Interestingly, my favorite tea – Green Tea – actually helps prevent kidney stones in general and high quality coffee may slash the risk of gout according research from a cooperative team of researchers from Canada and Harvard.

Some vegetables such as mushrooms, cauliflower and asparagus also contain purines however, eating these vegetables in moderation is neither connected to elevated UA nor gout.

Alcoholic beverages especially beer and wine, and also sugary foods, especially those sweetened with fructose are connected with both elevated UA and also with gout.

In a study from the University of California Davis, performed in 2015, consuming high fructose corn syrup sweetened drinks increased UA and blood fats such as triglycerides in just two weeks in young healthy volunteers. Note that dried fruit and fruit juice are loaded with fructose so these should be avoided also.

Suffering from painful kidney stones? Here is what you need to know. Click here >>

Elevated uric acid is common with diabetes and obesity; two extremely common conditions. Uric acid was first discovered in 1776, a Swedish chemist found it inside kidney stones. In 1882, a Ukrainian chemist found out it uric acid could be made out of your body’s waste products.

Some individuals have a heightened risk of gout; they have genes that prevent them from adequately flushing out UA. They may also have a problem with the sugar called fructose.

Thiazide diuretics such as hydrochlorothiazide or chlorthalidone are often prescribed to treat high blood pressure or swelling due to fluid retention. These drugs can raise UA levels by interfering with the excretion of uric acid in the kidneys.

Uric acid can create crystal deposits in your organs and joints which cause inflammation and damage. A very high concentration of UA can trigger gout. Gout is a very painful condition; needle-like crystals of uric acid build up in your joints, blood vessels, heart, and skin.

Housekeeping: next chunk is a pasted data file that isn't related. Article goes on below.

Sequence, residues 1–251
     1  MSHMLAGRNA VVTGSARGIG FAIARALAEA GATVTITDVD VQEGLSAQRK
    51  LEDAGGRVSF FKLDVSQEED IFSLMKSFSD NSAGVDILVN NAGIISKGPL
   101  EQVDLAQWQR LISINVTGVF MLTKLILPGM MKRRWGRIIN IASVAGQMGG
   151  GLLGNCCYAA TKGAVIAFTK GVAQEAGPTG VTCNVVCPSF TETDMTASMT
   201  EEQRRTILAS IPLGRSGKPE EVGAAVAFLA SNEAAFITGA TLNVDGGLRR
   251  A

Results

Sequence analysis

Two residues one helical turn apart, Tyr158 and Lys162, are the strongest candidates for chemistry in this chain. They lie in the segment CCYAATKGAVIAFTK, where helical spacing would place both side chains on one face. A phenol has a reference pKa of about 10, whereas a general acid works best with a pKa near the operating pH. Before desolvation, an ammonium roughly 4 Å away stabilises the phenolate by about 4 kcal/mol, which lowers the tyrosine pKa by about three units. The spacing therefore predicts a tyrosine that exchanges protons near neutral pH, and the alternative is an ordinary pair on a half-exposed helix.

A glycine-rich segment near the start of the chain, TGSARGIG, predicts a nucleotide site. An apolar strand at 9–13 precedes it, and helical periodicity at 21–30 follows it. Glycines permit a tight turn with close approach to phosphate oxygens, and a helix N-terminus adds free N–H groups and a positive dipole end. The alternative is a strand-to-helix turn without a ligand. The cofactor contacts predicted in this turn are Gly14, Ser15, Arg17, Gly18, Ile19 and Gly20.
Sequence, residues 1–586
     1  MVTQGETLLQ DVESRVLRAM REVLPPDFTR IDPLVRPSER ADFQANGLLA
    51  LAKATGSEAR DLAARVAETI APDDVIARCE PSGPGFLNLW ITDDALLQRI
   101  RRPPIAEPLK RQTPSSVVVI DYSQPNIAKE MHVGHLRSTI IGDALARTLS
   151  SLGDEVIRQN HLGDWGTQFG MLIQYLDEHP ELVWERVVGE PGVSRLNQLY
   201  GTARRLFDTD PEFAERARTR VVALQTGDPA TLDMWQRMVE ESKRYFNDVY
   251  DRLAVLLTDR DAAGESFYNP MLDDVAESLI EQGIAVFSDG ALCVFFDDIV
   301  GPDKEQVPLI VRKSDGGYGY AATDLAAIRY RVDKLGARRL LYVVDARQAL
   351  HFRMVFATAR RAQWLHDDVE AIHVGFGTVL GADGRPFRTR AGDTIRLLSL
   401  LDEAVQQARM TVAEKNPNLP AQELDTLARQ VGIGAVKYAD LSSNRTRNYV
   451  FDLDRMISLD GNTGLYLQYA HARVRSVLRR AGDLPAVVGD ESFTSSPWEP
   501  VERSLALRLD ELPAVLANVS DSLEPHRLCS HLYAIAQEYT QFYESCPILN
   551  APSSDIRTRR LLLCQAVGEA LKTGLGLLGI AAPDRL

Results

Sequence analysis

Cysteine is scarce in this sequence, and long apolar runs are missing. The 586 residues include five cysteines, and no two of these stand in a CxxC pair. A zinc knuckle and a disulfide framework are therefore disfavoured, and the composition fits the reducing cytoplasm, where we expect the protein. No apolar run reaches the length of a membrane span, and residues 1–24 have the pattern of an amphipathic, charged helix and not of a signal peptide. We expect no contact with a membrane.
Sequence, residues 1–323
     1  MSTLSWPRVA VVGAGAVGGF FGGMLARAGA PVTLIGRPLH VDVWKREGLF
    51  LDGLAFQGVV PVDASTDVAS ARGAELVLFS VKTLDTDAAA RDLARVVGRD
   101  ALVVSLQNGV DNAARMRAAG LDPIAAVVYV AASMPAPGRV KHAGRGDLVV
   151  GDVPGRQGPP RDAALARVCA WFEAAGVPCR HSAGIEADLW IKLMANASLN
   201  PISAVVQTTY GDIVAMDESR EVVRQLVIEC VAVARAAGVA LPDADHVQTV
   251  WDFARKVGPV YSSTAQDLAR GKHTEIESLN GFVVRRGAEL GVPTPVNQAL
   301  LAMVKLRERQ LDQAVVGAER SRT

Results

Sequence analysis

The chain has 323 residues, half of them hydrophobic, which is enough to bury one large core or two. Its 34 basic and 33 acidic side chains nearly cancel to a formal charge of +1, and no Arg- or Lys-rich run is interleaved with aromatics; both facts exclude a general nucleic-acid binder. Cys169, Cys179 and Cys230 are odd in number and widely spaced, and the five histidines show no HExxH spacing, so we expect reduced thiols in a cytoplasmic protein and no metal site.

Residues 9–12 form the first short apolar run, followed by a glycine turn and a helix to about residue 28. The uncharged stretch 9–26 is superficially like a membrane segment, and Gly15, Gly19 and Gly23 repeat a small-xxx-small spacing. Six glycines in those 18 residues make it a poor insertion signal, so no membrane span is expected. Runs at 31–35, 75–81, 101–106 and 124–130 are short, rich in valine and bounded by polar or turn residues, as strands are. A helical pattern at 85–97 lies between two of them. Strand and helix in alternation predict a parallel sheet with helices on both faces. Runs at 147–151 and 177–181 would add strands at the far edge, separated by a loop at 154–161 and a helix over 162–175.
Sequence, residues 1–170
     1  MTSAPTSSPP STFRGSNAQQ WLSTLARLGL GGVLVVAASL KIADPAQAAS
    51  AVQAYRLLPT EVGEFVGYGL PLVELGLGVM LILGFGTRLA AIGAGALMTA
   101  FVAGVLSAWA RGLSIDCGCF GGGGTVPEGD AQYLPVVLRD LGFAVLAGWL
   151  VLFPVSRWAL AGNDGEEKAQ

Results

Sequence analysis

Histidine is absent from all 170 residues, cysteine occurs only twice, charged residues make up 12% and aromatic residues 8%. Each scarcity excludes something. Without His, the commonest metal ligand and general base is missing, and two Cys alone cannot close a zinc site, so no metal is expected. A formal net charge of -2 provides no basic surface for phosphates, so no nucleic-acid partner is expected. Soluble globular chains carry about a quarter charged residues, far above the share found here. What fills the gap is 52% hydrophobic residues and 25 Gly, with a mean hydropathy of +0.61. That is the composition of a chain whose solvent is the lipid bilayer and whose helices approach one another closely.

In some individuals gout can occur even with very normal blood levels of uric acid. If you have gout you want to minimize your intake of a mineral called molybdenum; excess molybdenum activates the enzyme that converts purines into UA. You need molybdenum, just don’t overdo it.

Lowering Your Uric Acid Level

  • Drink plenty of fluids. Stay well-hydrated, including plenty of water. Limit how many sweetened beverages you drink, especially those sweetened with high-fructose corn syrup.
  • Limit or avoid alcohol. Especially beer and wine
  • Limit your intake of meat, fish and poultry. A small amount may be tolerable, but pay close attention to what types — and how much — seem to cause problems for you.
  • Maintain a desirable body weight. Both the Dash Diet and the Mediterranean Diet have been shown to lower uric acid. These are very sensible ways of eating

Thank you for tuning in to the Invite Health Podcast. You can find all of our episodes for free wherever you listen to podcasts or by visiting www.invitehealth.com/podcast. Make sure you subscribe and leave us a review! Follow us on Facebook, Twitter and Instagram at Invite Health today. We’ll see you next time on another episode of the Invite Health Podcast.